An ecologically friendly and nutritious microalgae that used to be a daily food source for the Aztecs in central Mexico could be making its way to Western tables in the form of a new kind of protein-rich falafel, the delicious Middle Eastern deep-fried chickpea balls.
Graduate students at the Biotechnology and Food Engineering Faculty at Israel’s Technion-Israel Institute of Technology have developed what they call the Algalafel, a new kind of falafel that enriches the traditional ingredients with spirulina — a biomass of blue-green algae which in its dried form contains about 60 percent protein and is seen as a solution for food insecurity and malnutrition.
The students nabbed first prize in the EIT Food Project (European Knowledge and Innovation Community) as part of an innovative microalgae product development competition, held in early December at the Technion. EIT Food is a pan-European consortium that focuses on promoting innovation and entrepreneurship in the food sector.
Dried spirulina contains also 5% water, 24% carbohydrates, and 8% fat. Its cultivation uses much less land and water to produce protein and energy than do cattle or poultry.
For their new kind of falafel, the graduates, who worked on their product for a year, added a tahini that was enriched with astaxanthin, an anti-oxidant found naturally in certain algae and seafood that is known for giving salmon its reddish color and flamingo feathers their pink hue.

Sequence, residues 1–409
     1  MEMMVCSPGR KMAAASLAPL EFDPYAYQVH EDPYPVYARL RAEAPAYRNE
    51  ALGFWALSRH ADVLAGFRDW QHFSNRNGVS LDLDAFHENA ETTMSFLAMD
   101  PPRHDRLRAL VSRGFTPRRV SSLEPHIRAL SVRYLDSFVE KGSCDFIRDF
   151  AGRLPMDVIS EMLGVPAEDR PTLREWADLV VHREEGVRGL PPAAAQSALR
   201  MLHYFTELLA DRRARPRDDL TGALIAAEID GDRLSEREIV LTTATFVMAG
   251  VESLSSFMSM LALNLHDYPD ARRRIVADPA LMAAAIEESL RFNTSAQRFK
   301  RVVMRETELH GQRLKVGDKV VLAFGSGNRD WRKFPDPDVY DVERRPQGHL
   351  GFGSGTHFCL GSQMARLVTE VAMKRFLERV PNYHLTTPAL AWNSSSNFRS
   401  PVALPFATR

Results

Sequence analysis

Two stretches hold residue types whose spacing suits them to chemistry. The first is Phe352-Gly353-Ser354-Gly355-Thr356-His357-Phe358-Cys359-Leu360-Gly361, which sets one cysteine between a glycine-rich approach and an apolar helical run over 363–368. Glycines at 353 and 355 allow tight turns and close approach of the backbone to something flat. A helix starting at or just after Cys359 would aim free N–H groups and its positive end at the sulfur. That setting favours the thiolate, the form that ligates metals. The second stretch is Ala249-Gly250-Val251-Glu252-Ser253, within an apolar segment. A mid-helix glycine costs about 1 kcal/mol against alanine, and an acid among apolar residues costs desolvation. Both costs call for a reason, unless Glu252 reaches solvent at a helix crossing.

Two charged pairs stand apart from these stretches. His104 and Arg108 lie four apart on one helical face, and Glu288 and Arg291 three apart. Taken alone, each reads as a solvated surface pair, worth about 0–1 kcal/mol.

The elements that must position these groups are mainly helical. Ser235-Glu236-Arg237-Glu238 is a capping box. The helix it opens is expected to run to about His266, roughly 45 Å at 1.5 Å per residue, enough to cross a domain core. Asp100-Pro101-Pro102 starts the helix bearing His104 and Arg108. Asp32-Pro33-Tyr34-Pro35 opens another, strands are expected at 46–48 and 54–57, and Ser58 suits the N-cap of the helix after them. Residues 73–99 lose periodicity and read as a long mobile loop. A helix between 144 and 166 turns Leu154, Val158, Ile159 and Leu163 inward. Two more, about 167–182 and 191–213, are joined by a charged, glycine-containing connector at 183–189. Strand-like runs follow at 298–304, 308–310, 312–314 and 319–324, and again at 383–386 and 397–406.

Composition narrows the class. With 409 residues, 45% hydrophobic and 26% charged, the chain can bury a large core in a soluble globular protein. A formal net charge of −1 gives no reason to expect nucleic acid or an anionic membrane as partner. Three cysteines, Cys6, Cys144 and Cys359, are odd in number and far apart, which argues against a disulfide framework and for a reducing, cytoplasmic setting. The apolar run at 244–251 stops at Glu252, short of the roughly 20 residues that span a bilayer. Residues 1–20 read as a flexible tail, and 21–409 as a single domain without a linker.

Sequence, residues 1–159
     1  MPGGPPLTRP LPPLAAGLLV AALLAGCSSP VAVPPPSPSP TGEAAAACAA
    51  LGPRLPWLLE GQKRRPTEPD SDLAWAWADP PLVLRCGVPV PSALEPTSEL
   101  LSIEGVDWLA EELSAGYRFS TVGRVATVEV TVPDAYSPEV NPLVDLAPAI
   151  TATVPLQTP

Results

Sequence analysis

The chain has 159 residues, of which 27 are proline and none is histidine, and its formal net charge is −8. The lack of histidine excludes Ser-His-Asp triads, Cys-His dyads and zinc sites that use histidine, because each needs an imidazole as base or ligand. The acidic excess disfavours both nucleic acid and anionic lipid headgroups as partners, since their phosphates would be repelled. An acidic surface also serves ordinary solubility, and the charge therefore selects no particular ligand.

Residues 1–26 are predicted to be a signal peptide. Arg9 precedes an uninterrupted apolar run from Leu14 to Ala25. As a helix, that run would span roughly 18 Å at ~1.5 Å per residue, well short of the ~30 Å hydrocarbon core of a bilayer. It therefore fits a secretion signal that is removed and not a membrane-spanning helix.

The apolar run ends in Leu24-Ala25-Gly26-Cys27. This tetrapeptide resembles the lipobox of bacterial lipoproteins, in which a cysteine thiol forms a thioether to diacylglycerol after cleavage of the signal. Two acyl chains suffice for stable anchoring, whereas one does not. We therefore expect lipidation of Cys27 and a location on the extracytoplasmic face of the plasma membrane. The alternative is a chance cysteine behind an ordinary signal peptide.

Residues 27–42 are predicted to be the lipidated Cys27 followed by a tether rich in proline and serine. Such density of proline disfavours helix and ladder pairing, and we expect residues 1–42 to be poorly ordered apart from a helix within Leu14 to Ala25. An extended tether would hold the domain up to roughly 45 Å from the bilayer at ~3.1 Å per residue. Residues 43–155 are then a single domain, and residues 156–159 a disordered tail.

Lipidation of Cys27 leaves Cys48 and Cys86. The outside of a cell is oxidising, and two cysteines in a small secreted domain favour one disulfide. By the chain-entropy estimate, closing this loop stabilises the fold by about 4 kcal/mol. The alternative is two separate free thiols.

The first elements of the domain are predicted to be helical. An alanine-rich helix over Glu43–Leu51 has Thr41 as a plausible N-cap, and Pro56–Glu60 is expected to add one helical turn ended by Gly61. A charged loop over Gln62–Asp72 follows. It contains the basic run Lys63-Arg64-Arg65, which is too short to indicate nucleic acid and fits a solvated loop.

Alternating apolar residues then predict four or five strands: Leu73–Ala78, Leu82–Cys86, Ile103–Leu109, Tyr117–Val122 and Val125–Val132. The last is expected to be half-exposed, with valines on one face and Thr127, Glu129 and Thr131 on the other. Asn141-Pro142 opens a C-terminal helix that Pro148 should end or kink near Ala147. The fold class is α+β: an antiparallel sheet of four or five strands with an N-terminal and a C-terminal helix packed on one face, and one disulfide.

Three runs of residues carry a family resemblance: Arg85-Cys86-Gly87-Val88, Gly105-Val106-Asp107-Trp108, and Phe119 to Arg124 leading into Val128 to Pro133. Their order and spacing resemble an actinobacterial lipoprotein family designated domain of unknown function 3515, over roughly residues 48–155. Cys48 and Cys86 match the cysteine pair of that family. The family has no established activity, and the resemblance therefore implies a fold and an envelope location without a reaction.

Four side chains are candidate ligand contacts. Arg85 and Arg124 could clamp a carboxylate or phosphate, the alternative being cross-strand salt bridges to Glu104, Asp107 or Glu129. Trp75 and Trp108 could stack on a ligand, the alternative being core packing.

Growing cows for meat has been found to have one of the largest negative impacts on the global environment, and reducing meat consumption is necessary to cut gas emissions and avoid climate change, a study in the journal Nature showed. Some 56 billion animals — cows, lamb and poultry — are slaughtered every year to feed the world, where consumption of meat is set to grow 70% by 2050, according to the Food and Agriculture Organization of the United Nations, as middle classes in Asia and Africa join the trend.
Plant and algae-based – rather than animal-based – proteins are seen as a solution that could be both inexpensive and produced quickly in a relatively small space, without contributing to global warming.
In 1974 the World Health Organization described spirulina as “an interesting food for multiple reasons, rich in iron and protein” that can be fed to children without any risk.
The students were mentored by Prof. Maya Davidovich-Pinhas, Prof. Uri Lesmes, Prof. Avi Shpigelman and the project leader Livney. The Technion team consisted of Meital Kazir, Yarden Abuhassira-Cohen, Hani Shkolnikov, Hila Tarazi and Ina Nephomnyshy.
The product developed by the students is “getting a lot of interest” from a variety of parties eager to commercialize it, said Livney in a phone interview. The idea would be to bring a protein-rich falafel to the market possibly in a ready-to-eat frozen form, he said. The Technion, however, does not allow students to work on commercializing their products while still on scholarship, he said.
Second prize was awarded to a team of students from the German University of Hohenheim in Stuttgart who developed Algini, a lentil-based vegan product enriched with spirulina. In third place were students from Finland’s Helsinki University who created Spurtti, a vegan oatmeal dessert enriched with spirulina.